Human Rights Groups Urge Duterte to Denounce Marcos’ Crimes and Push Forward Peace Talks

For Immediate Release

September 21, 2016

Contact: Nikole Cababa, Deputy Secretary General, BAYAN USA,


Photo Caption (Above):: Nap Pempeña of Anakbayan USA honors the martyrs and victims of Martial Law and calls on youth to continue the fight for a just and lasting peace in  the Philippines.

LOS ANGELES, CA – On September 21, Filipino American human rights advocates and American supporters rallied in front of the Philippine Consulate in Los Angeles to mark the 44th anniversary of the declaration of Martial Law by former Philippine President Ferdinand Marcos and called on the Duterte administration to denounce the crimes of the Marcos’ dictatorship.

Led by BAYAN USA and the International Coalition for Human Rights in the Philippines (ICHRP) Southern California Network, the participants called for justice for victims of the Marcos dictatorship and condemn the continuing human rights violations in the Philippines.

“Extrajudicial killings and arrests were an abominable hallmark of Marcos’ 21 year rule, which was propped up by the U.S. government,” Nikole Cababa, Deputy Secretary General of Bayan USA. “In order to set himself apart from all previous puppet presidents, Duterte should immediately put a stop to all extrajudicial killings in the country and end the illegal arrests of activists under the Philippine military’s U.S.-directed counterinsurgency plan Oplan Bayanihan.”


Photo Caption (Left): Nikole Cababa, Deputy Secretary General of BAYAN USA addresses the crowd to share the history of Martial Law under the Marcos administration.

The groups strongly oppose the burial of Marcos in the Libingan ng mga Bayani (Heroes’ Cemetery). “We resist the erasure of our people’s history. When we bury a convicted plunderer who was dishonorably dismissed by its own people and by its own military, what message does it send to the youth and to the people? It means that the most corrupt and despotic tyrants in our country can be hailed as heroes; that the burial of Marcos in the National Heroes’ Cemetery signals the burial of justice for the victims of Martial Law.” said Nap Pempeña, Vice Chairperson of the nationwide youth group Anakbayan-USA.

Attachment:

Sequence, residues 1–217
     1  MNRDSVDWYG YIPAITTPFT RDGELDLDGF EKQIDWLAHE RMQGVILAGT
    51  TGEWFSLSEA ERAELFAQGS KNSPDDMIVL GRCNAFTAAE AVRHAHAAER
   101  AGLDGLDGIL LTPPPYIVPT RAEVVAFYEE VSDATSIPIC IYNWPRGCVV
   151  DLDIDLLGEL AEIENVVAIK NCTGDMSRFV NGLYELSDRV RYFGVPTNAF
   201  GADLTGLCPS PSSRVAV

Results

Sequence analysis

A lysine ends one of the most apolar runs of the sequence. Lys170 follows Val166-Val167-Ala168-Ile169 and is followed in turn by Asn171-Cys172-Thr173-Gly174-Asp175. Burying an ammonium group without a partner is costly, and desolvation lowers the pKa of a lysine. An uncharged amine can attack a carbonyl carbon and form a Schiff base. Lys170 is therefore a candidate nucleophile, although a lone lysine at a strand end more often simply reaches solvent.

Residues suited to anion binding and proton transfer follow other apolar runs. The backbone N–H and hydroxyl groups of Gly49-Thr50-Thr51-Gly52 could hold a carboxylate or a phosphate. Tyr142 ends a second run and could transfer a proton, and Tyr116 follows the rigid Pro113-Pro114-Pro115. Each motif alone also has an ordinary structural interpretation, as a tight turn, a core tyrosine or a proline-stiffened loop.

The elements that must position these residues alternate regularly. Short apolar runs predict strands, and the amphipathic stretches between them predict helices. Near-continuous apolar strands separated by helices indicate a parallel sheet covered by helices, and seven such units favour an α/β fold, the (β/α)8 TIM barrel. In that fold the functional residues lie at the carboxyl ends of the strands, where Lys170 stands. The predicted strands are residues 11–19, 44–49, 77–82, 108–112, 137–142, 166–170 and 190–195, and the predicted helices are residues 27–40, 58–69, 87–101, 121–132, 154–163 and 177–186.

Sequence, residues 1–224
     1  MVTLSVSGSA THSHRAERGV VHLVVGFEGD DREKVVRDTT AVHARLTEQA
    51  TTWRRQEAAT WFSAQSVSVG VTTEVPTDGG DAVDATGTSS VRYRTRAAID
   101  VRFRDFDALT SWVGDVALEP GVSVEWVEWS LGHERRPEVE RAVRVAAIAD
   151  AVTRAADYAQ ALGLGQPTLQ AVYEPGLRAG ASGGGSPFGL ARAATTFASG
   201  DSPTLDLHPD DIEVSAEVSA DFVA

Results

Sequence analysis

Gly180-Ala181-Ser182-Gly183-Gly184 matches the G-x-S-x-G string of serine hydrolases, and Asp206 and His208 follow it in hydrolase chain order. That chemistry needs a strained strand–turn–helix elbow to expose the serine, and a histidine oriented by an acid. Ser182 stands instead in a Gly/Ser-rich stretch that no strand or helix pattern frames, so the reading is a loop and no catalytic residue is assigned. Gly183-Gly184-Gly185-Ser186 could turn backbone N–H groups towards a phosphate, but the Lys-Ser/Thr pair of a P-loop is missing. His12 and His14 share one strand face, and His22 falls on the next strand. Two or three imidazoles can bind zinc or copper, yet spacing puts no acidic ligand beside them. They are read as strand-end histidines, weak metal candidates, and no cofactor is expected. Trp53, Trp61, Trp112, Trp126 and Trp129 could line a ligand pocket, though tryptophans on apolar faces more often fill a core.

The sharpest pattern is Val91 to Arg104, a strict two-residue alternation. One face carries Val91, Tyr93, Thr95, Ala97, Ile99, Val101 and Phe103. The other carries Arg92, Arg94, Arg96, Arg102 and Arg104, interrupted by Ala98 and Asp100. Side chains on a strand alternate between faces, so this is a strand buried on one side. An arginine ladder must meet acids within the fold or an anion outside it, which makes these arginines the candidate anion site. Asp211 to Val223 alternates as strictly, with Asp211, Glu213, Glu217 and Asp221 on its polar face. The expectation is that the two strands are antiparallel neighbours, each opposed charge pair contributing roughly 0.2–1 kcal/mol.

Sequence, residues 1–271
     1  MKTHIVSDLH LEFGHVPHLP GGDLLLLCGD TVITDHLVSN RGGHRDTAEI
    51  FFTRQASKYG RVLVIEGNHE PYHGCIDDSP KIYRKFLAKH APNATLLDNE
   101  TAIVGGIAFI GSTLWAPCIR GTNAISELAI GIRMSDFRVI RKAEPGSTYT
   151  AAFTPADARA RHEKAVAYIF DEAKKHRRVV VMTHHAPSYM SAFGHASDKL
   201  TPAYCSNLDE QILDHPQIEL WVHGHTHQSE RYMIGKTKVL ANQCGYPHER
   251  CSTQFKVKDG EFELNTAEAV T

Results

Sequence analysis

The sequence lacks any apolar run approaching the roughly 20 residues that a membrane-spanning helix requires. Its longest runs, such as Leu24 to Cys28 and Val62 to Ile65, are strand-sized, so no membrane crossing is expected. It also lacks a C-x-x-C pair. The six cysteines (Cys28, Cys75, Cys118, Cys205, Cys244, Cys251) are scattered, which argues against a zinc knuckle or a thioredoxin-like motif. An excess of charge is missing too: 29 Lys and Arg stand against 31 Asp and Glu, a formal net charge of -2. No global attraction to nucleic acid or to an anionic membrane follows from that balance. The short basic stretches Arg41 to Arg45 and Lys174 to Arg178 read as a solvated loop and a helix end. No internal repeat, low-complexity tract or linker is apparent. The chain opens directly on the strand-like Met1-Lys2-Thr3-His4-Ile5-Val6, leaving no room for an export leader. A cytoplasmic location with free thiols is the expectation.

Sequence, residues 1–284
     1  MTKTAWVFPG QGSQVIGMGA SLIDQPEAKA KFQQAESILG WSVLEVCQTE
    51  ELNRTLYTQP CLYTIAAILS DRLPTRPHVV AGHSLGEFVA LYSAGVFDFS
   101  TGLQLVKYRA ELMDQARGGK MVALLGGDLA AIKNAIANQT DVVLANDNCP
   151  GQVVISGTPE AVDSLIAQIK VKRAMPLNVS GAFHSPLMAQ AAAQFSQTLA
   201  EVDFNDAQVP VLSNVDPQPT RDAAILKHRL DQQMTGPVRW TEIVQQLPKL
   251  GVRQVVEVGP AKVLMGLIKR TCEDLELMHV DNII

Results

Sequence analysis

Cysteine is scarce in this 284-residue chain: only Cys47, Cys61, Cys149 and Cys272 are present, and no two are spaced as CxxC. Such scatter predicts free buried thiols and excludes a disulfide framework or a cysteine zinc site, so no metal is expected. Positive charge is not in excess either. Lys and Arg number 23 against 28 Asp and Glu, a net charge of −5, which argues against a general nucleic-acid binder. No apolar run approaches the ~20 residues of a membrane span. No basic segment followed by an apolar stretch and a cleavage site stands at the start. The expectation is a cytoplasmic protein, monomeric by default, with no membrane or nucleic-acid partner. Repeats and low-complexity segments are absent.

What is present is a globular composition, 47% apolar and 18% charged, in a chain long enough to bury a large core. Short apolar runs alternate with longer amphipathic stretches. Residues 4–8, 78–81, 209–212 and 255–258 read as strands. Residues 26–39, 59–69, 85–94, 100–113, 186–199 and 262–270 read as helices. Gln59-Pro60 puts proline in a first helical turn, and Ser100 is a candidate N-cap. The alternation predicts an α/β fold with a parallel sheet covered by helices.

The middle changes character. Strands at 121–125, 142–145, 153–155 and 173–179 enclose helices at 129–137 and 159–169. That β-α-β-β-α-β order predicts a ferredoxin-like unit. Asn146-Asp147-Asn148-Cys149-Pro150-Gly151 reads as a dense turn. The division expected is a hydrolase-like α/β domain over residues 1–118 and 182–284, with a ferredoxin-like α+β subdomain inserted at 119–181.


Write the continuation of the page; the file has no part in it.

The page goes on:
The groups also pressed for the Duterte administration to continue making progress in the peace talks between the Government of the Republic of the Philippines (GRP) and the National Democratic Front of the Philippines (NDFP). “Duterte can make unprecedented and lasting changes that will benefit the Filipino people for generations to come if he continues to sincerely pursue peace negotiations with the NDFP,” said Joy Prim of the International Coalition for Human Rights in the Philippines Southern California Network.

14344304_1149668318432416_4424647141232541544_nPhoto Caption (Right):  Pastor Ruth of the United Church of Christ in the Philippines and member of the National Ecumenical Forum for Filipino Concerns (NEFFCON) Southern California highlights the poor who suffered under martial law.

“He must follow through on the GRP’s commitment during the recent Oslo peace talks to declare amnesty and release the 525 political prisoners that remain unjustly detained in prisons across the country. While we support Duterte in the process of the peace talks, we continue to be alarmed by the human rights situation in the country, the killings, and the further arrests of political prisoners without any cause.” Since August, five peasant leaders have been assassinated and more activists have been arrested despite the existence of unilateral ceasefires in the country’s 47 year civil war.

Cababa added, “For the peace talks to succeed, Duterte must follow through on his recent statements asserting an independent foreign policy not dominated by U.S. interests. His words must be proven in action by terminating all unequal military and economic agreements with the United States, such as the Visiting Forces Agreement (VFA) and the Enhanced Defense Cooperation Agreement (EDCA). Only then will the Philippines be free to enact social and economic reforms that can create liveable jobs for Filipinos through land reform and building national industries.”

Photo Caption (Above): Janelle Viray of Gabriela Los Angeles highlights the stories of Filipina women brutally raped, tortured, and murdered during the Marcos’ Martial Law era.